Boston University Title IX and College Sexual Misconduct Advisor

Boston University, founded in 1839, is one of the most prestigious universities in the United States, with eight Nobel Laureates, 23 Pulitzer Prize winners, and numerous other notable award-winners. If you're attending the school, you have probably worked incredibly hard to get there, which makes allegations of sexual misconduct all the more damaging and concerning. Whether you are a student or the parent of a student, you've input many years and significant financial investment. Sexual misconduct allegations can derail all of that effort and investment, impacting not only your life today, but also your future potential. It's critical that if you're facing these allegations, you find an attorney-advisor who can assist you in championing your rights.

College Sexual Misconduct or Title IX?

On August 14, 2020, Boston University issued a new sexual misconduct policy to replace the previous Sexual Misconduct/Title IX policy. They updated their policy in response to the Department of Education's new guidance for Title IX regulations. Betsy DeVos's Department of Education updated the guidance as a means to address the many due process concerns that surrounded the regulations after the Obama Administration's “Dear Colleague Letter” guidance in 2011. The 2020 updated guidelines

BU Today covered the updates, noting that the provost, Jean Morrison, sent a letter to the BU community stating that the university would “make all of the changes required by the new law, and … continue to work toward reducing the rate of sexual misconduct in the University community through both prevention efforts and vigorous enforcement of its Sexual Misconduct/Title IX Policy.” In circumstances where an alleged behavior falls under both the Sexual Misconduct and the Title IX policies, the procedures will follow the Title IX guidelines.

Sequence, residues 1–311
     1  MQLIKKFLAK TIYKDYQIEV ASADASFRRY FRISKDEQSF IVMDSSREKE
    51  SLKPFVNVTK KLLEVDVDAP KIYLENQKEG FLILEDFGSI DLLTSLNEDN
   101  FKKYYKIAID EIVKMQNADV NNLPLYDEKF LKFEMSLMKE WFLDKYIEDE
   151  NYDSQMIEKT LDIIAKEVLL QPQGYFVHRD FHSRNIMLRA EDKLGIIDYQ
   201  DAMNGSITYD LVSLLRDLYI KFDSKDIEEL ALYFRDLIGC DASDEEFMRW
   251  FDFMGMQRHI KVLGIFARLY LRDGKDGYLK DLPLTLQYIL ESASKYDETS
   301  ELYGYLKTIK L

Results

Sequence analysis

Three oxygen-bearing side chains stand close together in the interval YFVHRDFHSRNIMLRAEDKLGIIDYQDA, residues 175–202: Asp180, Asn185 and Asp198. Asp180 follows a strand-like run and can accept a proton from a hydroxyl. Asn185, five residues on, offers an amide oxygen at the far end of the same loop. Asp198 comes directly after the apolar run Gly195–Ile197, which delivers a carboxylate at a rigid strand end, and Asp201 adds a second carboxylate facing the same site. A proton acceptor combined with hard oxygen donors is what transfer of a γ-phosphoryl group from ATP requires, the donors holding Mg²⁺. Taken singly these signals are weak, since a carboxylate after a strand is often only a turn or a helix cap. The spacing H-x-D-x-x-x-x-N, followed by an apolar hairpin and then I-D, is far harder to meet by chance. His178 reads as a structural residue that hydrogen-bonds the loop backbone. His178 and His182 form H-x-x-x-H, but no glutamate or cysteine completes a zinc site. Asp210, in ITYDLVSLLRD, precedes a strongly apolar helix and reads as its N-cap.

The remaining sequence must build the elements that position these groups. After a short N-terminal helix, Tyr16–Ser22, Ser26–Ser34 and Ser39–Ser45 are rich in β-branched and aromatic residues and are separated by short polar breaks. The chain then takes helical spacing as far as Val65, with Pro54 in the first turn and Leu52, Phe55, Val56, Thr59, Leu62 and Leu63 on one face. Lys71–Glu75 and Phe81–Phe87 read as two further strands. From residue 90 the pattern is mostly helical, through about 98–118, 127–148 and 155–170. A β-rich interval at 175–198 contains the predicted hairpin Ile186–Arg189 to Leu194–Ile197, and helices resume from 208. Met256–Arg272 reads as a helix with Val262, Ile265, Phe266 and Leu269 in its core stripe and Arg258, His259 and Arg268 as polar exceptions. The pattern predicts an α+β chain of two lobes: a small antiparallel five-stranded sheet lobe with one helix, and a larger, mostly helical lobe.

There are many changes to the Title IX regulations, but some of the key ones were:

  • Mandating that each party has an advisor at the hearing to conduct cross-examination;
  • Requiring live hearings for all cases that fall under Title IX;
  • Narrowing both the definition of sexual harassment that falls under Title IX, and the geographic scope of what is covered.
  • The ability for a university to use either the “preponderance of the evidence” standard or to use the “clear and convincing” standard.

The clear and convincing standard requires a higher burden of evidence than the preponderance of evidence standard. Boston University will continue to use the preponderance of evidence as the standard for all hearings, whether the alleged conduct occurs under Title IX or under the Sexual Misconduct Policy.

Boston University's Sexual Misconduct Policy

Boston University's new Sexual Misconduct Policy classifies all sexual misconduct at the school into one of two categories: sexual misconduct covered by Title IX and general sexual misconduct.

Although there is a lot of similarity between what is covered underneath each section of the policy, there are some key differences between the two beyond the changes listed above.